By Evelyn Gonzalez ‘18
Our constant participation within various social media platforms and the ease with which we can send texts and images has allowed the nude selfie to become a very common trend in our interactions with others. A nude, as it is most often called, is simply a photograph in which an individual and their body is presented in either partial or complete nudity. Examining nudes through a feminist lens lends itself to a discussion of complex issues surrounding bodies. While the nudes themselves tell us about a lot about representation, desire and agency, the social context in which they are placed also point to the paradoxical nature of the treatment of women and specifically their bodies.
There are many layers to uncover with respect to the topic of nudes. Taken at face value like most photographs, the nude selfie has the ability to change the direction of the gaze in ways that allow the individual some sense of power, authority and autonomy over their image. As you are taking the photo yourself, you have complete command over the way your body is positioned, what parts are shown, and other details that are usually left outside the sphere of your control. The self-representation aspect of nudes can be considered particularly powerful especially when applied to the concept of the body positivity movement. According to a Bust magazine article written by Meg Zulch, “nude photos are body positive because nudity tends to be stigmatized and all types of bodies deserve to be seen.” Nudity in this way can subvert societal ideas about desirability, attractiveness and the importance of the corporeal form in identity and self-esteem building. The nude photo, even if it never leaves the privacy of your own camera, could be a very healthy way to explore your body, get comfortable with your nakedness and have some fun with different types of self representation.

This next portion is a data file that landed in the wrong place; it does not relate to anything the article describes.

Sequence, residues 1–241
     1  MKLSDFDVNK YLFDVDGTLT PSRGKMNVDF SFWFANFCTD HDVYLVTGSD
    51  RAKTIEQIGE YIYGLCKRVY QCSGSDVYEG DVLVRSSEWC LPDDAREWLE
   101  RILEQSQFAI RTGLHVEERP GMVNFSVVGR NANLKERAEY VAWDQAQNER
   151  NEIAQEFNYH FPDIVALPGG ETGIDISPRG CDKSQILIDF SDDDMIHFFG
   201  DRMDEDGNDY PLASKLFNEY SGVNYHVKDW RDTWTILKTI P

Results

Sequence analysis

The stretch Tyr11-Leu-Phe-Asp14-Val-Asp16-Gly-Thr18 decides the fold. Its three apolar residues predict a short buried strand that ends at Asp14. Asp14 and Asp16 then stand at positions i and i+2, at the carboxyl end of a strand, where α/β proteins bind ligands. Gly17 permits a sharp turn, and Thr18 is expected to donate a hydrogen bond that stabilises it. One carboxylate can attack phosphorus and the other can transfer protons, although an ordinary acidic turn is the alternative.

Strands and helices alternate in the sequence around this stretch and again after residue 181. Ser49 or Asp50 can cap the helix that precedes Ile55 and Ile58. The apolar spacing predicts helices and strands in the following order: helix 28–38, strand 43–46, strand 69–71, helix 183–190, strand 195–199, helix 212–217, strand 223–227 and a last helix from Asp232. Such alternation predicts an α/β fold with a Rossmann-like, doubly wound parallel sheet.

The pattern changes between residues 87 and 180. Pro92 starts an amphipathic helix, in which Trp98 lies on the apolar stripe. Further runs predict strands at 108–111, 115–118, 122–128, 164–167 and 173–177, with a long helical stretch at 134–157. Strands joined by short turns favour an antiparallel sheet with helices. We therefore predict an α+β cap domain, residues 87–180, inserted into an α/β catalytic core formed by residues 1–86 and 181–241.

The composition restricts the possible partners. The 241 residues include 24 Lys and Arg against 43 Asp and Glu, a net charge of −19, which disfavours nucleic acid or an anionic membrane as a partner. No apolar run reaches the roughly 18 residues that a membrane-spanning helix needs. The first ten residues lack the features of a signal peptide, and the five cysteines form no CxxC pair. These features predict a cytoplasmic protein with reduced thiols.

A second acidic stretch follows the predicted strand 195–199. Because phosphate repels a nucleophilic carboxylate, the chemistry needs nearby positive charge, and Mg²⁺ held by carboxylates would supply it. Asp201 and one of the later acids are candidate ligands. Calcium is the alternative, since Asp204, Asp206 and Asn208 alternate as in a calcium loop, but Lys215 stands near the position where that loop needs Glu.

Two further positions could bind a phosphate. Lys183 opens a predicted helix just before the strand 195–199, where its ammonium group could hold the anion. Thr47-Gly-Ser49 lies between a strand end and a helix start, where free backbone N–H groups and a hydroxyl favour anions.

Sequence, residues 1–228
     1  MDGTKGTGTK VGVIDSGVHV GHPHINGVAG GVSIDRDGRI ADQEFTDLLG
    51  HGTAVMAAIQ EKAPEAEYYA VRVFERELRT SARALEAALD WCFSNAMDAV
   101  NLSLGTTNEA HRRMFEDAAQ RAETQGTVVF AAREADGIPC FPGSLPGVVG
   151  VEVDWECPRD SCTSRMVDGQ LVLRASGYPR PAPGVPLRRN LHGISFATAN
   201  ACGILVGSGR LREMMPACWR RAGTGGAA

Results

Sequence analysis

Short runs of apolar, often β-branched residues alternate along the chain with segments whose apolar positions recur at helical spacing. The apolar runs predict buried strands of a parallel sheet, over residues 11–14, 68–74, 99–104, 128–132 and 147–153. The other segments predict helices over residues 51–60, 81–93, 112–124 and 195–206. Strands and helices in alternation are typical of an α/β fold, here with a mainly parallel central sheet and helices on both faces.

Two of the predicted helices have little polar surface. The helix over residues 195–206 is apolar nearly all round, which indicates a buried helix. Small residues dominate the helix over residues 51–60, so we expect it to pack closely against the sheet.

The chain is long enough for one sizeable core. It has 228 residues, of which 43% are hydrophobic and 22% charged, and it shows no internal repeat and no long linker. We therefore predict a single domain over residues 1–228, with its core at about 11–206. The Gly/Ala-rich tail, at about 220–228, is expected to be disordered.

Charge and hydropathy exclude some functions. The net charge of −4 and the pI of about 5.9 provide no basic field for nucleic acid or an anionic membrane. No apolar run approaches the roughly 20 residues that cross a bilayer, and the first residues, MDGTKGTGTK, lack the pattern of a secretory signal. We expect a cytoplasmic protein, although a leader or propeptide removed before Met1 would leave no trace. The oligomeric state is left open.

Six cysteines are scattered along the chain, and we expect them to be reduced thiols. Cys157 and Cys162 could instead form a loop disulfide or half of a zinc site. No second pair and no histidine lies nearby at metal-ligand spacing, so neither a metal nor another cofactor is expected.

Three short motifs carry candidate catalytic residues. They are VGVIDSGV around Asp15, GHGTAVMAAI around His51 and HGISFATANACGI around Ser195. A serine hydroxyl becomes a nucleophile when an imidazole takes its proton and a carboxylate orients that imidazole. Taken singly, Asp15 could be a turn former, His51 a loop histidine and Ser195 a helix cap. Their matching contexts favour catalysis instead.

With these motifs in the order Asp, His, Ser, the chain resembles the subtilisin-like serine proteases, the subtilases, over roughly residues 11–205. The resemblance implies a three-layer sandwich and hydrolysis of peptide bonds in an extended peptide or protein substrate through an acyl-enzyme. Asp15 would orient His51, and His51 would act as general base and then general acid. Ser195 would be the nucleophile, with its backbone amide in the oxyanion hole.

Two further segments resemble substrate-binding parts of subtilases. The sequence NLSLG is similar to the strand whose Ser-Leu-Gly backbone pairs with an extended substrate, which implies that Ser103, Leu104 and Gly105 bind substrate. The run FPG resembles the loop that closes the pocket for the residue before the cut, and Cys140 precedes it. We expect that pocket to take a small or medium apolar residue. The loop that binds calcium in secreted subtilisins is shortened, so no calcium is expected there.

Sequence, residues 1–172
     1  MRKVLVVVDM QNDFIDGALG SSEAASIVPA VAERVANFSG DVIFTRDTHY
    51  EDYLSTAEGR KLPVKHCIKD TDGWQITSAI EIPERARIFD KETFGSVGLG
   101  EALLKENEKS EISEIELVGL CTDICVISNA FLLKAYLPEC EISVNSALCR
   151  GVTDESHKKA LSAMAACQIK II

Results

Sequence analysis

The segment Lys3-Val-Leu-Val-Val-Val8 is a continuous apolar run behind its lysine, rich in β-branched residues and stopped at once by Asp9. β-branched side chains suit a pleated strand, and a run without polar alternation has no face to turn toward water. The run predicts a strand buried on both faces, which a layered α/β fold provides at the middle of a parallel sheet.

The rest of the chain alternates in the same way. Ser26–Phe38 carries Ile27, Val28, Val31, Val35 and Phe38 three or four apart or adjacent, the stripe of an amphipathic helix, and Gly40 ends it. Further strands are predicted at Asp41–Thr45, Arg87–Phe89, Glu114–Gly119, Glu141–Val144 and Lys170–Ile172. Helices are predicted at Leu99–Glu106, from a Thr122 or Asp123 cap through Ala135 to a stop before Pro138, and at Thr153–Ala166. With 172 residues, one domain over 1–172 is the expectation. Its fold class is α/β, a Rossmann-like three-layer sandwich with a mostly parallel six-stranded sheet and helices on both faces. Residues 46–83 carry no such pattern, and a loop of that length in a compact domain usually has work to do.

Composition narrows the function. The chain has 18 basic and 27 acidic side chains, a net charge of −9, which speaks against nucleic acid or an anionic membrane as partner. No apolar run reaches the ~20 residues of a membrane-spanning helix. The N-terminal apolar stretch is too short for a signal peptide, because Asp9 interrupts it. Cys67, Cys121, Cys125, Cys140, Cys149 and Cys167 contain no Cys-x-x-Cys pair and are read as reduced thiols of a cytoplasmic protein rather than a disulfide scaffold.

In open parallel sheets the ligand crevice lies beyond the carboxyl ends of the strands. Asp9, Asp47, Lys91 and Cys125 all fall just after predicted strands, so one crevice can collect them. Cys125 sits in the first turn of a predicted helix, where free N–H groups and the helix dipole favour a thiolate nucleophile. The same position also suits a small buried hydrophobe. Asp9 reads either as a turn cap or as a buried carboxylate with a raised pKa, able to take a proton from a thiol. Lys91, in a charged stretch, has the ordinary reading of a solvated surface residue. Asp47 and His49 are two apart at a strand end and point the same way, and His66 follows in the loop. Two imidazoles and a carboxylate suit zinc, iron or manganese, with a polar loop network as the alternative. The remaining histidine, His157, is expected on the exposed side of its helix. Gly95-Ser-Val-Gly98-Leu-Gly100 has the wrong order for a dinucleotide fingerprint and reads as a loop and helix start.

However, another argument could be made that while nudes certainly afford some sense of agency to some individuals who decide to partake in it, it’s important to remember that many of our decisions are a result of what we are exposed to and the daily contexts of our lives. Women especially are taught by society to place an extraordinary amount of value in their bodies and place notions of worth on it. In this way women’s bodies are often highly sexualized and objectified. I want to suggest here rather that nudes have the ability to turn the object into the subject simply by providing those methods of control which other types of images, such as those on magazines and billboards, do not often provide.
Nudes also often come with their own set of issues. One of the most prominent is the “unsolicited d*ck pic,” in which individuals receive photographs of male genitalia without their consent. Not only does it make for a highly uncomfortable situation, it is also an explicit form of sexual harassment. The nudes in this case are not about empowerment or representation at all, but rather stem from a sense of control and domination in sending these unwarranted images and knowing they subjected others to them.
However, many individuals are finding creative ways to answer back to these uninvited photos. Artist Whitney Bell, for example, constructed an art exhibit entitled, “I Didn’t Ask for This: A Lifetime of Dick Pics,” showcasing 150 pictures in order to illustrate the power dynamics that are evident in these photos. In addition, on a more serious note, while it is difficult to avoid these photos completely, Madeleine Holden, New Zealand writer and lawyer, has managed to turn the tables and created a Tumblr page entitled critiquemydickpic.tumblr.com in which she rates and comments on the artistic quality of the pictures her users send her, such as lighting and positioning. She was struck by “how unnecessarily rare it was to receive a good, consensually shared [photo], and [she] realized people needed some help with getting their [pictures] to that level”. In these ways, individuals are regaining control over the ways in which they send and receive nudes once more. Nudes are multi-faceted products of our current society and as such carry with them areas of contention and possibility.